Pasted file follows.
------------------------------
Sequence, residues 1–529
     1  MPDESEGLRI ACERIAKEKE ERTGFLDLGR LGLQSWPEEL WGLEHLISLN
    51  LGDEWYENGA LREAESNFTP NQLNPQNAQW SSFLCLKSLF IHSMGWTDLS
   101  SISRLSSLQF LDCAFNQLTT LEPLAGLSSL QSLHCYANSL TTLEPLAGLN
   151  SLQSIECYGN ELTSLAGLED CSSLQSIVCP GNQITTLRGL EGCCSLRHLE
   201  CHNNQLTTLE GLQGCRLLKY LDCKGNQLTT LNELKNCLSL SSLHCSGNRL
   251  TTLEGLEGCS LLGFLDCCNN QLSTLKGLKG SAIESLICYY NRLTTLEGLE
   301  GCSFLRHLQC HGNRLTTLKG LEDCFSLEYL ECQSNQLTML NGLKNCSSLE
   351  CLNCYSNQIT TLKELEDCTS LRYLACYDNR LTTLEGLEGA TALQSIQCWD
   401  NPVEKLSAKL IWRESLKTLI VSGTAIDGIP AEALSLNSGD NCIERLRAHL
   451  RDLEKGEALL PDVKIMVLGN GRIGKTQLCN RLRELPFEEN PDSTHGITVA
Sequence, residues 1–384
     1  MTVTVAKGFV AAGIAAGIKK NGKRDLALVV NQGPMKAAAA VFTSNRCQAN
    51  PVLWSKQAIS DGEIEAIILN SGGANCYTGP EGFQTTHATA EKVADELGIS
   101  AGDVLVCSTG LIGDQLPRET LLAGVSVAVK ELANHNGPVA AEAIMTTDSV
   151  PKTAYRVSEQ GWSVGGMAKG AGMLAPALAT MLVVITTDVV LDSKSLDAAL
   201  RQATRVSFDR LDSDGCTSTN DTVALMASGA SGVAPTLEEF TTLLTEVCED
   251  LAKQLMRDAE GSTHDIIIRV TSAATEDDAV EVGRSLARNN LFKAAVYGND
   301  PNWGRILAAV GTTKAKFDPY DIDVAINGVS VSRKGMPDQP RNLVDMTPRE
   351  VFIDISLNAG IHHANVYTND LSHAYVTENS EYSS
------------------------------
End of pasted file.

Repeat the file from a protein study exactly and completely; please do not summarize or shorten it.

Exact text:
Sequence, residues 1–529
     1  MPDESEGLRI ACERIAKEKE ERTGFLDLGR LGLQSWPEEL WGLEHLISLN
    51  LGDEWYENGA LREAESNFTP NQLNPQNAQW SSFLCLKSLF IHSMGWTDLS
   101  SISRLSSLQF LDCAFNQLTT LEPLAGLSSL QSLHCYANSL TTLEPLAGLN
   151  SLQSIECYGN ELTSLAGLED CSSLQSIVCP GNQITTLRGL EGCCSLRHLE
   201  CHNNQLTTLE GLQGCRLLKY LDCKGNQLTT LNELKNCLSL SSLHCSGNRL
   251  TTLEGLEGCS LLGFLDCCNN QLSTLKGLKG SAIESLICYY NRLTTLEGLE
   301  GCSFLRHLQC HGNRLTTLKG LEDCFSLEYL ECQSNQLTML NGLKNCSSLE
   351  CLNCYSNQIT TLKELEDCTS LRYLACYDNR LTTLEGLEGA TALQSIQCWD
   401  NPVEKLSAKL IWRESLKTLI VSGTAIDGIP AEALSLNSGD NCIERLRAHL
   451  RDLEKGEALL PDVKIMVLGN GRIGKTQLCN RLRELPFEEN PDSTHGITVA
Sequence, residues 1–384
     1  MTVTVAKGFV AAGIAAGIKK NGKRDLALVV NQGPMKAAAA VFTSNRCQAN
    51  PVLWSKQAIS DGEIEAIILN SGGANCYTGP EGFQTTHATA EKVADELGIS
   101  AGDVLVCSTG LIGDQLPRET LLAGVSVAVK ELANHNGPVA AEAIMTTDSV
   151  PKTAYRVSEQ GWSVGGMAKG AGMLAPALAT MLVVITTDVV LDSKSLDAAL
   201  RQATRVSFDR LDSDGCTSTN DTVALMASGA SGVAPTLEEF TTLLTEVCED
   251  LAKQLMRDAE GSTHDIIIRV TSAATEDDAV EVGRSLARNN LFKAAVYGND
   301  PNWGRILAAV GTTKAKFDPY DIDVAINGVS VSRKGMPDQP RNLVDMTPRE
   351  VFIDISLNAG IHHANVYTND LSHAYVTENS EYSS